How to Sharpen Pocket Knives

How to Sharpen Pocket Knives
A sharp pocket knife is a safe pocket knife. You are more likely to cut yourself on a dull knife than a sharp one, because it will be imprecise and more likely to slip. Sharpening a pocket knife can be like taking care of an old friend. It can renew a tired blade and bring new vitality to your work. You'll likely be pleasantly surprised what a difference a good sharpening can make.

Instructions

Difficulty: Moderate

Things You’ll Need:
  • Sharpening stone Mineral oil
  • Sharpening stone
  • Mineral oil
Step 1
Select a sharpening stone. They come in a wide variety of weights, sizes and materials. For your pocket knife, you'll need something basic--preferably with two surfaces, one rougher than the other.
Step 2
Wet the stone. Pour some mineral oil onto a rag and rub it over the surface of your stone, turning it dark with the oil.
Step 3
Place the blade flat against the rough grit side of the stone, then turn it up at a 15 degree angle. Knife blades have different angles, depending upon their intended function. Most pocket knives are somewhere around 15 degrees, an angle that provides a sharp, but not too precise, blade.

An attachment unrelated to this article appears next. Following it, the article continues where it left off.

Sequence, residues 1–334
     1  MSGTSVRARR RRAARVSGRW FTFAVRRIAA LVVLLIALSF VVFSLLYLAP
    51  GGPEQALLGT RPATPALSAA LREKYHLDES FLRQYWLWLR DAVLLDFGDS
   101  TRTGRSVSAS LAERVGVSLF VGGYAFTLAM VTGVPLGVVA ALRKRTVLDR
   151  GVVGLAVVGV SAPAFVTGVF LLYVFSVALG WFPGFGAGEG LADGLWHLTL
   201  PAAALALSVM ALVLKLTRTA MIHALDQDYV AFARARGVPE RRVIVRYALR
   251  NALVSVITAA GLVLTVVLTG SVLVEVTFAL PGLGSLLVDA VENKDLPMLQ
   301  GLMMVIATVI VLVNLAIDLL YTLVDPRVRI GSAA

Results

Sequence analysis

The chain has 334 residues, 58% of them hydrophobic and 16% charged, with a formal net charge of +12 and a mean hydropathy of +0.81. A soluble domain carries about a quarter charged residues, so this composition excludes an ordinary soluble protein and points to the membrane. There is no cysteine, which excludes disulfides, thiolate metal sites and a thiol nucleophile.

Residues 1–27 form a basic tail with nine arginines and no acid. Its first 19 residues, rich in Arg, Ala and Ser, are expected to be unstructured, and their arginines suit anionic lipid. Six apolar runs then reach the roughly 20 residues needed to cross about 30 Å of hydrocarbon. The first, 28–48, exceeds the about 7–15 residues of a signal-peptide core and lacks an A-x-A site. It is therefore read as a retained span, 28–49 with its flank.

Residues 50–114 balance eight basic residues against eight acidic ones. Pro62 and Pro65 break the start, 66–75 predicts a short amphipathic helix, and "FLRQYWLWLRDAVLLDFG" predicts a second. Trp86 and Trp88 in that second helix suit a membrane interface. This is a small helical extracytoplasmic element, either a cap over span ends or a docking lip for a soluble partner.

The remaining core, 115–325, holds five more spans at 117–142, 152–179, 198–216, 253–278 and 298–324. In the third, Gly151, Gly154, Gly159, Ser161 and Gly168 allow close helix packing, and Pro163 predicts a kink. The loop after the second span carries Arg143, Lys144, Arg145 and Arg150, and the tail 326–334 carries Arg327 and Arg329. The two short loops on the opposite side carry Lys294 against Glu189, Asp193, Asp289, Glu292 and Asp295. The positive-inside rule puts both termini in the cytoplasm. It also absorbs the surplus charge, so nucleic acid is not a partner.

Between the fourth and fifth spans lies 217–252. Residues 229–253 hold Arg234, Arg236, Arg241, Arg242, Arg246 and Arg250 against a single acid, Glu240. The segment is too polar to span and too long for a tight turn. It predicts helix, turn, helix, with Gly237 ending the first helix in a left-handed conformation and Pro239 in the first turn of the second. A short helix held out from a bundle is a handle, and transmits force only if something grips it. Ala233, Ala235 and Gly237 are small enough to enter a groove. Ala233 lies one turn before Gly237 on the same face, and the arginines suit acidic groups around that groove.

Step 4
Drag the knife across the rough grit in the opposite direction from how you would whittle, scraping the grit against the back of the knife's edge. Press down as you drag, then repeat the full drag approximately 10 times on each side of the knife blade.
Step 5
Repeat the process on the side of the sharpening stone with the finer grit. Finish with a handful of alternating strokes to even out both sides of the blade.
Step 6
Wash your stone and leave it out to dry. Sharpening stones tend to absorb moisture, so leave it out in the open to allow the moisture to escape over a day or so.

Article Written By Louie Doverspike

Based in Seattle, Louie Doverspike has been a professional writer since 2004. His work has appeared in various publications, including "AntiqueWeek" magazine, the "Prague Post" and "Seattle Represent!" Doverspike holds a Bachelor of Arts in English from Hamilton College.

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